ALPA Fights Pilot Fatigue: 89 Years of Unrelenting Action

By Christopher Freeze, Senior Aviation Technical Writer

Since ALPA’s inception in 1931, Association members have been working tirelessly to establish reasonable limits for flight and duty time and develop rules that ensure adequate rest between duty periods.

Today, the Association continues its safety efforts, fighting to reverse the profit-based carveout that excludes cargo pilots from updated science-based rest rules. “Airline pilots are affected by fatigue the same, regardless of whether we fly passengers or freight. It’s time for Congress to pass the Safe Skies Act and ensure one level of safety for all airline operations,” said Capt. Joe DePete, ALPA’s president (see section below “Addressing the Cargo Carveout”).

How Did We Get Here? The First Battle

In 1931, the U.S. Commerce Department set a monthly flight-time limit of 110 hours for pilots. While airline owners and operators wanted 140 hours per month, Capt. Dave Behncke, ALPA’s founder and first president, campaigned for 85 hours per month.

After three years of intense lobbying, the National Labor Board agreed with Behncke and ALPA, leading to Decision 83, which reduced the cap on flight time to 85 hours per month for pilots. It was later codified into law with the creation of the Civil Aeronautics Board (CAB) in 1938, which also established domestic flight-time rules, limiting flight time to eight hours in a 24-hour period. However, this would be increased to 30 hours per week in 1942 as pilots were desperately needed during World War II.

Amending Flight-Time Limits

For decades to follow, fatigue-related issues would mainly be limited to matters regarding flag (international) and supplemental air carriers. Between 1946 and 1982, the CAB and its successor agency, the FAA, would issue 30 proposals to amend flight-time limits. Key among them was a moratorium on a series of flight-time rules put forward by the FAA in 1962.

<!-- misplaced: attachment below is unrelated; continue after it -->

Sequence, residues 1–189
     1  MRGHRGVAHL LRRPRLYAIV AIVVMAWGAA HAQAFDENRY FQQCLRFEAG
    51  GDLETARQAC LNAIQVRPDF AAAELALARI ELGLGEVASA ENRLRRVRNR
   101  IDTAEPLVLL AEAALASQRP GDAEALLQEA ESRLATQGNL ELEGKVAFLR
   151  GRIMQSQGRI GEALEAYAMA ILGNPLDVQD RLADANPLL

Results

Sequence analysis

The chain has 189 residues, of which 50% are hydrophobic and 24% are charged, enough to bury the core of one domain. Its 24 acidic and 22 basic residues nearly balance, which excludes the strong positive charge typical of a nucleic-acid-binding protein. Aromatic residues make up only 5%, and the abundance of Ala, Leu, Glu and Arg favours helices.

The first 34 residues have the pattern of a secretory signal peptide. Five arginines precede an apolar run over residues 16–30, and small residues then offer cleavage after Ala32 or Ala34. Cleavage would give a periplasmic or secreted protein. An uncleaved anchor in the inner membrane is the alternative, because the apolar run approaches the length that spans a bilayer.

In 1976, ALPA sued the FAA to remove this moratorium. After several years of intense negotiations among ALPA, the airline industry, and the FAA, the agency published a rule on domestic flight-time/duty-time limitations (FT/DT), the first successful rulemaking on this issue since the 1940s. Within several years, however, shortcomings and loopholes were identified in the new regulations.

In July 1985, more than half a century after ALPA’s inception and its advocacy on the issue, F/O Bruce Woodruff (Delta), then chair of ALPA’s FT/DT Committee, wrote to the Association’s Board of Directors regarding a final rule that the FAA had issued earlier that month, amending flight-time limits and minimum rest requirements for airline pilots.

“ALPA has struggled with the interpretation of flight and duty regulations, coupled with noncompliance by the majority of air carriers,” Woodruff stated. “In addition, during that period the FAA issued numerous notices of proposed rulemaking [NPRMs] that would have been disastrous to ALPA had they gone into effect. Since 1980 alone, ALPA has successfully engineered the withdrawal of three such NPRMs.

“While NPRM 84-3 was basically favorable to ALPA, three proposed changes contained therein were not.... [However,] in this final rule, all areas of concern outlined by ALPA have been addressed and are favorable to air safety.”

The Winds of Change

A decade after the FAA issued its 1985 rule on FT/DT limits and rest requirements, the agency proposed another rule change that would reduce the flight-duty limit from the then current 16 hours to 14 hours for two-pilot flight crews and increase flight time to 10 hours in the 14 duty hours. Extensions for unexpected operational problems would be allowed for events like flight delays but could add no more than two hours to a pilot’s duty day.

Furthermore, operators could no longer schedule pilots in advance in a way that would exceed the duty-time limit, and minimum rest would be increased from eight hours to 10 hours—with pilots receiving at least one 36-hour off-duty period every seven days.